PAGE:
Underestimate Stricker at your peril
It’s always been one of the Ryder Cup’s nonsenses and thankfully now it’s over. Steve Stricker is your new Ryder Cup captain and – brace yourself – he’s never won a major.
Fair enough, back in the day the Americans would reel out a succession of PGA champions as their skipper. The PGA run the Ryder Cup and the captaincy was the cherry on their cake.
These days, though, with all the money, kudos and millions of eyes on the three days it is ridiculous.
Ted Bishop, a former president of the PGA of America and the man who appointed Tom Watson in 2014, told Golf.com this interesting story.
“Stricker told me ‘I never really looked at Paul [Azinger] or Corey [Pavin] as major champions when they were my captains. To me, they were always just former Ryder Cup players. But Tiger and Phil always laugh and tell me that I will never be considered as a Ryder Cup captain until I win a major.'”
Hopefully, if the Americans have learnt anything from Europe’s Ryder Cup successes in recent years, then it’s that this doesn’t need to be the case. Europe haven’t had the pick of the major crop that the Americans have had but you only need to look to the likes of Sam Torrance, Colin Montgomerie, Paul McGinley and Thomas Bjorn this century for what might help to make a victorious captain – and winning a major doesn’t feature on any of their CVs.
Observers will blindly point out that Padraig Harrington’s three majors will give us a leg up in 2020. They’ll suggest that his greater standing in the game puts us one up already.
And then they could be reminded that everyone was very keen and quick to talk up the romantic return of Watson to the captaincy fold at Gleneagles against Paul McGinley, who was supposedly fortunate to get the nod and would almost certainly be overawed by the eight-time major winner.
And look how that all ended up with Watson being made to look like a pudding by one of his star players in front of everyone while McGinley is now regarded as maybe our shrewdest ever leader and the blueprint for future matches.
Supposedly, according to Bishop, Stricker was in line to be captain at Hazeltine in 2016 but then Gleneagles happened, the Task Force was born, of which Stricker was part of, and the Americans went back to Davis Love.
Stricker being Stricker was happy to go along with things.
We’ll look for anything at this stage for a few pointers so let’s start with Stricker’s playing record from his three matches which reads W3 L7 H1. He was a 41-year-old rookie at Valhalla where he added little to America’s success before winning three from four in the Celtic Manor defeat.
Finally we had a Ryder Cup partner for Woods, we all thought, they had already proved that in the Presidents Cup the previous year. Then they got stuffed in their one outing together in the 2011 Presidents Cup and the following year’s Ryder Cup was a personal shambles, losing all three with Tiger before going down to Martin Kaymer in the singles.
He’s been a vice-captain in the last three encounters so, depending on your point of view, he’s either part of the problem or, in 2016, part of the genius.
What you can’t argue with is that he’s liked by all; Watson, Love and Jim Furyk, who will be one of Stricker’s assistants in Wisconsin, all wanted him on their backroom team and he’s popular with the players.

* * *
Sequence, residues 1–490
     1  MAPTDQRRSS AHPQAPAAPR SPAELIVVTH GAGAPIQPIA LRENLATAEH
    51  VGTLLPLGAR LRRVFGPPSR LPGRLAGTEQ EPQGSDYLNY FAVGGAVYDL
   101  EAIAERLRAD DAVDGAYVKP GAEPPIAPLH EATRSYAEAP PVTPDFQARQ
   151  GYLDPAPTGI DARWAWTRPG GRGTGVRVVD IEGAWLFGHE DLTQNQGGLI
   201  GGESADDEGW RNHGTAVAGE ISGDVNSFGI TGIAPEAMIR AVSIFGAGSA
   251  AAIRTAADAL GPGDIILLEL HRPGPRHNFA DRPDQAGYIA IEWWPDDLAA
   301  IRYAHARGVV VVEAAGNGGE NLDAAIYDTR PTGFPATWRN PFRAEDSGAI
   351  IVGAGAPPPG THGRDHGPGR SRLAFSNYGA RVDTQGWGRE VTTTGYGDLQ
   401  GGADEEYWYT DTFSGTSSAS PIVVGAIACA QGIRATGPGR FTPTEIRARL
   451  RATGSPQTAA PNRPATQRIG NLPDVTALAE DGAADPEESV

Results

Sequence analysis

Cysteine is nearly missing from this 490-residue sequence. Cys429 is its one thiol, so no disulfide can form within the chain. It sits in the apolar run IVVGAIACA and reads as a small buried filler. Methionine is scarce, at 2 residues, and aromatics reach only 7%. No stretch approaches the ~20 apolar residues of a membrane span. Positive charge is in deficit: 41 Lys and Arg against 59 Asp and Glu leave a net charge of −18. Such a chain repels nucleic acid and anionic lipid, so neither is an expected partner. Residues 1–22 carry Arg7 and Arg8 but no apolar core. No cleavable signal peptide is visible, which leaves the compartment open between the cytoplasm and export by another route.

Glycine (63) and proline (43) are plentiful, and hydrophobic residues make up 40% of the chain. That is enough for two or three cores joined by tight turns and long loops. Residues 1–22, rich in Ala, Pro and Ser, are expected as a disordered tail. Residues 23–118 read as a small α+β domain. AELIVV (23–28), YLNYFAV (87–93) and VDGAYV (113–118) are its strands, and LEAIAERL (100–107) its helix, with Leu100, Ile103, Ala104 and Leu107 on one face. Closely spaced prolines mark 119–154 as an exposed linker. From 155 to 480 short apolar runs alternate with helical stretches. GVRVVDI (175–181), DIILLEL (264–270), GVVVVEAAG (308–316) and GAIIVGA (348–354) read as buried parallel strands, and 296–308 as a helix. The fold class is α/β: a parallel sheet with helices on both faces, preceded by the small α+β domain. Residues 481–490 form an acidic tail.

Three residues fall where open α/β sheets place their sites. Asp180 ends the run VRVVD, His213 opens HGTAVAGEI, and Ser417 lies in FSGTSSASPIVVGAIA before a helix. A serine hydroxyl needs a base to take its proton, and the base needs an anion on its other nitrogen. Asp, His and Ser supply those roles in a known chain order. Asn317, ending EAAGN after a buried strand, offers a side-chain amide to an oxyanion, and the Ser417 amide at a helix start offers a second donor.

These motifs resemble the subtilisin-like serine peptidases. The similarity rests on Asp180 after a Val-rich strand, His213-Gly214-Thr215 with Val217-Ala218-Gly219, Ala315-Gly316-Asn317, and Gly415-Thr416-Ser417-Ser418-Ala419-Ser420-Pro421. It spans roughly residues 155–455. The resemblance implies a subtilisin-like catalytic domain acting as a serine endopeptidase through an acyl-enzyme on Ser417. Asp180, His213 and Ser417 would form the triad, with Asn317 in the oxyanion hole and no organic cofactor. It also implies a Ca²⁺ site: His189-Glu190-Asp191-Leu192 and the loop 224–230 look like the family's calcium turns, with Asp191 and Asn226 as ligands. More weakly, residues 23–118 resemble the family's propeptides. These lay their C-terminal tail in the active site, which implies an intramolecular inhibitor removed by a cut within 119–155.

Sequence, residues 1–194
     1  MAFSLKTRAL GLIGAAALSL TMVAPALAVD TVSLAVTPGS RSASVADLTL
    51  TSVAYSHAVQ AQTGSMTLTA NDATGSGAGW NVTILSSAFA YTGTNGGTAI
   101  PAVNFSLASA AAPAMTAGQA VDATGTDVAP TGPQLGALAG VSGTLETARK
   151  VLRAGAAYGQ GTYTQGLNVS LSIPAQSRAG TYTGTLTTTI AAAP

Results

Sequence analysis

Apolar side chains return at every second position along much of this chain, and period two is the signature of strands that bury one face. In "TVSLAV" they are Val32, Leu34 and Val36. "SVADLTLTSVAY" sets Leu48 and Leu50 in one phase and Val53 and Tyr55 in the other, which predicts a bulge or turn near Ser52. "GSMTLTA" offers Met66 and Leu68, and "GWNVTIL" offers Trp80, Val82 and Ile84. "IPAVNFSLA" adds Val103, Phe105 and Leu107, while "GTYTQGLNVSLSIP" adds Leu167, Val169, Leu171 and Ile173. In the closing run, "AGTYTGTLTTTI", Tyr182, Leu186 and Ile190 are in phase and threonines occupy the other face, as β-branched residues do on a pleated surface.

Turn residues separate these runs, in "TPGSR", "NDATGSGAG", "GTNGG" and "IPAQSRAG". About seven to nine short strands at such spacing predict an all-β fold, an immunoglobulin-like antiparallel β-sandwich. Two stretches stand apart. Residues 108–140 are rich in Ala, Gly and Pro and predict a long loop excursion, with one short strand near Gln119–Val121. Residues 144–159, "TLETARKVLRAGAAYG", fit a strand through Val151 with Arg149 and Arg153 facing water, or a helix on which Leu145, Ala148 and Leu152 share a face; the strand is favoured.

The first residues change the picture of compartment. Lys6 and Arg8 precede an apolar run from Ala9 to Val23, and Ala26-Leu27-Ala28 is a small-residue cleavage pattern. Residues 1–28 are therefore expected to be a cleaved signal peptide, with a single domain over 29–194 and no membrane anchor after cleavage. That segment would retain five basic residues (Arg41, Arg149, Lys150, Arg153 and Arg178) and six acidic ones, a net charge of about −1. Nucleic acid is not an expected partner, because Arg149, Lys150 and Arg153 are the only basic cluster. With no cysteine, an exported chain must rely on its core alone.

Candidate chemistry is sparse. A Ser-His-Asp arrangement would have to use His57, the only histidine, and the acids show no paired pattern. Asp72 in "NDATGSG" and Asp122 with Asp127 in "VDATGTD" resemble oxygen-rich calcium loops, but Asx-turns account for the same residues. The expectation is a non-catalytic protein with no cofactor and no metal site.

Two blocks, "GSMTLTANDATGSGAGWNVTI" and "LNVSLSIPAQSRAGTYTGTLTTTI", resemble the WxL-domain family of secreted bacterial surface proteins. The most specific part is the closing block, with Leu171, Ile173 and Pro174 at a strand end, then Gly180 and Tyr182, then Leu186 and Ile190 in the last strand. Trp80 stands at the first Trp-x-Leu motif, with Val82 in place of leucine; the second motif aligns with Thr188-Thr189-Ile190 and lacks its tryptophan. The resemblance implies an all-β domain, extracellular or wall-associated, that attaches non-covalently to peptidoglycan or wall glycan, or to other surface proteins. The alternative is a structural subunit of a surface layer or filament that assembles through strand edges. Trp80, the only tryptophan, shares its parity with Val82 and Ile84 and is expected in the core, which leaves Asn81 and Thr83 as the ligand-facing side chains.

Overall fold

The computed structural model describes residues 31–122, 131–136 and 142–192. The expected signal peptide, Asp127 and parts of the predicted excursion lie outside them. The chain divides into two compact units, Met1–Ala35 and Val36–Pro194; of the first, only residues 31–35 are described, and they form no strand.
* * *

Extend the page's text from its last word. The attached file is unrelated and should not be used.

When the Americans had polished off the Internationals at Liberty National in the 2017 Presidents Cup even Dustin Johnson, who’s not generally one to gush about anything or anyone, couldn’t hold himself back when asked about who they’d want as their next Presidents Cup captain.
“We would all vote Strick to be our next captain for sure. He’s been around, he knows all of us. We’ve all played on tour with him. But he’s just such a great leader. He’s a quiet leader but he’s a really good leader and we all respect him. We all trust him,” said the World No. 3.
“We would all agree that he’s been an amazing. We all love playing for him. We all respect him and we wouldn’t have it any other way.”
Stricker’s appointment is as bad a kept secret as Harrington’s with nobody else seemingly in the frame. Fred Couples will never take the Ryder Cup reins for whatever reason, Woods and Mickelson will both want another go at it on home soil and that leaves the likes of Zach Johnson of those untried.
The obvious solution, after the shoeing the Americans got in France, would have been Paul Azinger but, like Couples, it seems his star has fallen and, as mentioned, Stricker has been lined up for this role for some time.
Stricker, who will be an assistant to Woods at this year’s Presidents Cup, lives just hours away from Whistling Straits in Madison. He’s the home-town boy and he’s more gritty than most of us would give him credit for, major or no major.
“This is a guy who has come back from the driver yips,” said his opposite number Harrington last year. “This is a guy who has become a world-class player a couple of times later on in his career without the firepower and arsenal that other players have. You know when you’re going up against a guy like that, that he’s mentally tough and strong.”
Finally, if we’re looking for any sort of pointers as to how he’ll go about his task then we only need to go back to that Ryder Cup debut in Kentucky in 2008.
“The pod system he had in place, making everyone a part of the process and his general overall enthusiasm, I think Paul is the guy who has influenced me the most,” Stricker said. “There was nothing he left to chance. We could not have been more prepared to play golf that week. He was on a mission and that fed into all of us when we got on the course.”